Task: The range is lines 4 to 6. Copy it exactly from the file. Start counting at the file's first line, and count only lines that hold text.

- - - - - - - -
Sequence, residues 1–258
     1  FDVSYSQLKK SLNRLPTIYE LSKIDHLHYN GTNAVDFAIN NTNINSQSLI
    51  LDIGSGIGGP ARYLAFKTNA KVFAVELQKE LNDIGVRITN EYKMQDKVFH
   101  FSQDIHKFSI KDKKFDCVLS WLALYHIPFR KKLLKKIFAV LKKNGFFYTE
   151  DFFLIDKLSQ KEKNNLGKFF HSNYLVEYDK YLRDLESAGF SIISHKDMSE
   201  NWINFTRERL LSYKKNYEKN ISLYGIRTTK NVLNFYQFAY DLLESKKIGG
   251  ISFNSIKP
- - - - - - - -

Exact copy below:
   101  FSQDIHKFSI KDKKFDCVLS WLALYHIPFR KKLLKKIFAV LKKNGFFYTE
   151  DFFLIDKLSQ KEKNNLGKFF HSNYLVEYDK YLRDLESAGF SIISHKDMSE
   201  NWINFTRERL LSYKKNYEKN ISLYGIRTTK NVLNFYQFAY DLLESKKIGG